– today, examine what Donnelley takes to be the basic meaning of rights, how this informs the idea of human rights, and what he takes to be the foundation, the scope, and the political implications of human rights to be-  as we work through his arguments I will note points of tension between his claims and the claims of theorists we will read later in the term- will only note the tension, save detailed examination until we turn to the thinker involved

I:  Rights as Trumps

Donelley follows the American political philosopher Ronald Dworkin in treating rights as ‘trumps’-  just as a trump card takes the trick in card games, so rights override other considerations when it comes to the treatment of people-  when one exercises one’s rights, one in effect plays a trump card that carries the day against any power opposed to your accessing the good, or exercising the capacity, or protecting the value, to which the right pertains-  if I have a right to free speech, and you try to prevent me from publishing my views because you disagree politically with them, then I can play my right against your opposition to expose it as illegitimate and publish my views-  if I have a right to free assembly and the police try to prevent my organizing a demonstration, then in exercising my right I trump the arbitrary nature of the police power and organise the demonstration-  that rights are trumps does not mean that they can never be overridden (in an extreme emergency rights may be suspended in all constitutional societies), but it does mean that other things being equal rights override considerations of political power and social convention-  they carve out a space for legitimate individual action which, in normal circumstances, neither the state nor other individuals, acting alone or as a group, may interfere with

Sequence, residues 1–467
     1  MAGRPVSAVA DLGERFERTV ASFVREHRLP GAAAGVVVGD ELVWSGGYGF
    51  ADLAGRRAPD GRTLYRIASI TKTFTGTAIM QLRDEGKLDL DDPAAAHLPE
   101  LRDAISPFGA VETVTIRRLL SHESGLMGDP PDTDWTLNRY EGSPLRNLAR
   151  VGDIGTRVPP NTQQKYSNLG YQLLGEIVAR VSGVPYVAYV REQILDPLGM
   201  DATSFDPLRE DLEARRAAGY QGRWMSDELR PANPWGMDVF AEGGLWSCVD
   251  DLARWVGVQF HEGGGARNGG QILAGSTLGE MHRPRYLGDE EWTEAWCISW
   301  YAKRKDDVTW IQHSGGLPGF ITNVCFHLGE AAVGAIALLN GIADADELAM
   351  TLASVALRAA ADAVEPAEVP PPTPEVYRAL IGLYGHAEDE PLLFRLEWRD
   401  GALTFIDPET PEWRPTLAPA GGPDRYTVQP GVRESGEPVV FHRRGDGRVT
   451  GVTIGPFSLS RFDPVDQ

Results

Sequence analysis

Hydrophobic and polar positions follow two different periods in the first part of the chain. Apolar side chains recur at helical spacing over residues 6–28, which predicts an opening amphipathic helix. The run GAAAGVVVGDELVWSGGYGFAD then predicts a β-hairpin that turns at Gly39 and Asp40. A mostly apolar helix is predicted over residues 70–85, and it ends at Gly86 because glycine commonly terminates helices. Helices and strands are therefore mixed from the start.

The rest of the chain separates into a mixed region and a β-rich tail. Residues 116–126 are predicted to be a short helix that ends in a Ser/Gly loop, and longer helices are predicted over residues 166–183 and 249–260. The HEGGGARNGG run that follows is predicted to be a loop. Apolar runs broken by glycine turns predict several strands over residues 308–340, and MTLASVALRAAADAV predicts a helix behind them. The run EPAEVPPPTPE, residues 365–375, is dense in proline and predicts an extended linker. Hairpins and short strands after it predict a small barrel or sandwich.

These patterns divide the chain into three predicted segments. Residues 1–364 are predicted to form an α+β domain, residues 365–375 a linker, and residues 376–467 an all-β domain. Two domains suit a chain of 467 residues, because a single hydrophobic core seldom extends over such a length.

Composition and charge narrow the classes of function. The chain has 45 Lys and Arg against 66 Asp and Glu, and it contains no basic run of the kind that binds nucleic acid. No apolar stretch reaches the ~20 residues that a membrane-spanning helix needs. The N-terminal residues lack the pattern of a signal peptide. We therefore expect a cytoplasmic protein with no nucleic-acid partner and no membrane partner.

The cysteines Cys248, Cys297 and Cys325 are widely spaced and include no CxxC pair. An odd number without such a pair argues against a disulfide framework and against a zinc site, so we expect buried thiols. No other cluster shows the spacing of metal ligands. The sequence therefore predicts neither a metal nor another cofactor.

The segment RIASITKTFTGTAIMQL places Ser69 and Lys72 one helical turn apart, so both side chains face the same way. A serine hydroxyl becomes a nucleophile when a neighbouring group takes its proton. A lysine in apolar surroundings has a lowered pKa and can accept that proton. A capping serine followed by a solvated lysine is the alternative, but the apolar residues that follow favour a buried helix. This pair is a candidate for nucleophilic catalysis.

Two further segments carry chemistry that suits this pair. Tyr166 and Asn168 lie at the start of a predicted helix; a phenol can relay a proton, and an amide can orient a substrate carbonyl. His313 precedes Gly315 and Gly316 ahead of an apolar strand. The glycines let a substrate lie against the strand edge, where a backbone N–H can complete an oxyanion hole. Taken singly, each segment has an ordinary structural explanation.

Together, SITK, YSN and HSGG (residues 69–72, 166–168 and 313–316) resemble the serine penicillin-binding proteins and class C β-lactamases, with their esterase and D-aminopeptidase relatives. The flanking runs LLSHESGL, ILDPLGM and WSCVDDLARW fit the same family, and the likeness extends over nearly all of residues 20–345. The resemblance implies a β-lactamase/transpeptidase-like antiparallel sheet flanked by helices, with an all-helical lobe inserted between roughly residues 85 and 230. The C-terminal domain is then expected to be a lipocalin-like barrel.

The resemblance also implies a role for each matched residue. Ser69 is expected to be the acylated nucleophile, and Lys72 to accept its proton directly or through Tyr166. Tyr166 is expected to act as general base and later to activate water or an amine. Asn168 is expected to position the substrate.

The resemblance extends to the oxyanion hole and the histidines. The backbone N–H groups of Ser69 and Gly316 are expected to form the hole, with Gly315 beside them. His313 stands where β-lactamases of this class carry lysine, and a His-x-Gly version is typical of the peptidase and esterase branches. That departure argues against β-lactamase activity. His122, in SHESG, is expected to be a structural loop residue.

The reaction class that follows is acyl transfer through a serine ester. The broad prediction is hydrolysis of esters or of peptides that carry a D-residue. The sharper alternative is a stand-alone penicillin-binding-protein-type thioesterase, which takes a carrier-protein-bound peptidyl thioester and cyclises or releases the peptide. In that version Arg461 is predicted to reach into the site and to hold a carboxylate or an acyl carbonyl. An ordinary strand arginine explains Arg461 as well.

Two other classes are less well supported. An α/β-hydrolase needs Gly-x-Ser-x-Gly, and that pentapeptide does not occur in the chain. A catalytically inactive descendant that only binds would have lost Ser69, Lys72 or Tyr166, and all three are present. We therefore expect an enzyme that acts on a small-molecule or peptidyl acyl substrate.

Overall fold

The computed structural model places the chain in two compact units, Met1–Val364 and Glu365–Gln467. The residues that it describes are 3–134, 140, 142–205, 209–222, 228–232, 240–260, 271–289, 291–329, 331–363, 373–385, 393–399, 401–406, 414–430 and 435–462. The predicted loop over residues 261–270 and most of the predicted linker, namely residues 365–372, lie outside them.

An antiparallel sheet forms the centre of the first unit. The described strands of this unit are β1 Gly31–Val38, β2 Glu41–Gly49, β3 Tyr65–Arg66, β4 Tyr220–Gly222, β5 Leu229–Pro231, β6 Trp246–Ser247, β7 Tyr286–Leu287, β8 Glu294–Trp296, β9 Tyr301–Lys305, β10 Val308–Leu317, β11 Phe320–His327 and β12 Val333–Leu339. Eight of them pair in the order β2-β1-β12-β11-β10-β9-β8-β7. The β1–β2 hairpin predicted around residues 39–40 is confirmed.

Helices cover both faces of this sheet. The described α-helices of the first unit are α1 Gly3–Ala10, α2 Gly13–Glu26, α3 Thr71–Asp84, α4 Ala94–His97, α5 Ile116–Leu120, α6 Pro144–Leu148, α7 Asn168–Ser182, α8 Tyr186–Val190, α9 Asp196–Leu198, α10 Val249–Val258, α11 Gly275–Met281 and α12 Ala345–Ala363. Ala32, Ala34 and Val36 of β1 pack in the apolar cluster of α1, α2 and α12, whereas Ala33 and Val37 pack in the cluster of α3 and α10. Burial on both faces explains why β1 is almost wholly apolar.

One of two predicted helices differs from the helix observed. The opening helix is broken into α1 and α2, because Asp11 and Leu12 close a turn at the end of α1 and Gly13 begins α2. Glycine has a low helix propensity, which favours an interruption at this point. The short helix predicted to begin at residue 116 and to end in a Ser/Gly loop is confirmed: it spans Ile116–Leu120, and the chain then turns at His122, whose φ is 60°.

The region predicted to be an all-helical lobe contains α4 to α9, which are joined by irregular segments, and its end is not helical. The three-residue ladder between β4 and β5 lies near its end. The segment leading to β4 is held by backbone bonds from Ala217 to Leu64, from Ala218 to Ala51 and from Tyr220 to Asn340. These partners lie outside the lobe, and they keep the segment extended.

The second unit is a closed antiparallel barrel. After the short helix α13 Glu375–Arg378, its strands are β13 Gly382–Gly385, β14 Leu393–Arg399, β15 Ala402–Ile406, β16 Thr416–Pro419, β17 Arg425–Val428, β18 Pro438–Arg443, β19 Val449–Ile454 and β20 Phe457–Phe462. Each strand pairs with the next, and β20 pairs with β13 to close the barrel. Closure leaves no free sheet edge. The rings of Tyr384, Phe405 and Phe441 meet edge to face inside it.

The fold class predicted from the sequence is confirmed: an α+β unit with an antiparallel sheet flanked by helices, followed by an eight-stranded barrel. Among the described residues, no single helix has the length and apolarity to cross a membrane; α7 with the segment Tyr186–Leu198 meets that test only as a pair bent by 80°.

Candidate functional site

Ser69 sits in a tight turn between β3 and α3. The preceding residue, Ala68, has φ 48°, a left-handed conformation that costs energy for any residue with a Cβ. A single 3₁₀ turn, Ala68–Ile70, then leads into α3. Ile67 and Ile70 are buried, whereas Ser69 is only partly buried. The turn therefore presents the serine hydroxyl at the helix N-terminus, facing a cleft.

“Rights … rule-governed interaction … obligations.” (p.8)